For my first post I took some inspiration from other blogs I’ve followed. A particular one caught my interest, which felt like having written it myself. – It was a post from Annabelle wondering what her daughter would consider to be her home and language when asked “Where are you from?”.
It seems easy to answer, but it is more difficult for a Third Culture Kid like me (or Adult Third Culture Kid…), because I don’t define myself by my country of origin. When asked this question I wouldn’t list all the places I’ve lived in or I own a passport from, because I don’t feel attached to only one place in particular. When I mention accordingly more than one place, I’m usually asked to pinpoint a single country. People apparently need to pigeonhole you. Well, it doesn’t work with me.
As an expat since birth, I grew up in Italy, studied and worked in Switzerland, Italy and France, and came then to the Netherlands. My family originates from Germany, but I never lived there or felt a particular connection to this country. Nonetheless I feel German, as well as Italian and Swiss and I love the French and Dutch way of life and I feel a deep connection to Britain too. – I’ve always travelled a lot and I often went to same places or regions more than once, when I felt some connection to them. I believe that I belong to all these places I’ve lived in and that I’ve visited on a regular basis, and all these places belong somehow to me. – They are my emotional and cultural package I carry around with me every day.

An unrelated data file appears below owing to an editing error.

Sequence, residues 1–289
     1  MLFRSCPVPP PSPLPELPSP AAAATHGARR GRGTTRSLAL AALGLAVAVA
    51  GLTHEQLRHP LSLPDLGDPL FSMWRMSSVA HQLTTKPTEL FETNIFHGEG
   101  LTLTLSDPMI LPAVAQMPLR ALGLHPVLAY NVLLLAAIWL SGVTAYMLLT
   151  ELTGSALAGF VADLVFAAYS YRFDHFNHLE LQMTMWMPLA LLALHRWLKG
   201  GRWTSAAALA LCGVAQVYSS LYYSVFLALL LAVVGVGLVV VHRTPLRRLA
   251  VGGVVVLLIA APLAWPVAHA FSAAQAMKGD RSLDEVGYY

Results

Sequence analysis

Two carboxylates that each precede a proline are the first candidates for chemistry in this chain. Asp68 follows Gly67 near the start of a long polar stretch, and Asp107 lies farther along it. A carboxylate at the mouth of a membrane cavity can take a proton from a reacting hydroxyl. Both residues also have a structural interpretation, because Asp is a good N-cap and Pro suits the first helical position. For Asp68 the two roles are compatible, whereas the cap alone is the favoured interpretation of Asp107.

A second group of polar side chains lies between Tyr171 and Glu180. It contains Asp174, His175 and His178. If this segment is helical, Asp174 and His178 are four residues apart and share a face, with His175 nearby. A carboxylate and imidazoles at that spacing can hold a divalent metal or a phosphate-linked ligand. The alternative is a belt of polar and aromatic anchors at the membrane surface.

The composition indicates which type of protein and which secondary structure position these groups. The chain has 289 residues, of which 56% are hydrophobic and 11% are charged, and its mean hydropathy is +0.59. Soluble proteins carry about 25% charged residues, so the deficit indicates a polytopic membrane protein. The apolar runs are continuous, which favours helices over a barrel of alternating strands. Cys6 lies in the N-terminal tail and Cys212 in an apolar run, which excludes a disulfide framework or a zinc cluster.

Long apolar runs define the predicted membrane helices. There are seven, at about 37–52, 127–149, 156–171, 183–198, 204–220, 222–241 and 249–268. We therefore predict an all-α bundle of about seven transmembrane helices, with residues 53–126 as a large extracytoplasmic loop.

When I struggle finding one place to name “mine”, people often try to help me by pointing out my favourite language. But this doesn’t really help. I feel comfortable, I feel home when I can talk all my languages. When I switch from one to the other I feel that I can express a wider range of emotions and thoughts. This is where I thrive: when talking, sharing my different perspectives through my different languages.
I talk 4-5 languages on a daily basis. This is mainly German and English with my family, Italian with friends and part of the extended family (living abroad), Dutch with friends and neighbours here in the Netherlands and French with friends.
“Home” is therfore not a place for me, it’s a feeling. It is the sense of belonging you have when you are part of a group, a family. To be part of any group you need to communicate in the right language.
Therefore: “my home are my languages”.